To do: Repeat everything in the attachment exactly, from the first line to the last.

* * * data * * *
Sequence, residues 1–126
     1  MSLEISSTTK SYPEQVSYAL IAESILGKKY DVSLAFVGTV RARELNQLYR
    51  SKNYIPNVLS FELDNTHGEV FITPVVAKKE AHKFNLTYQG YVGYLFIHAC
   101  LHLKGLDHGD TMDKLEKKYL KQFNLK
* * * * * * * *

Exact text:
Sequence, residues 1–126
     1  MSLEISSTTK SYPEQVSYAL IAESILGKKY DVSLAFVGTV RARELNQLYR
    51  SKNYIPNVLS FELDNTHGEV FITPVVAKKE AHKFNLTYQG YVGYLFIHAC
   101  LHLKGLDHGD TMDKLEKKYL KQFNLK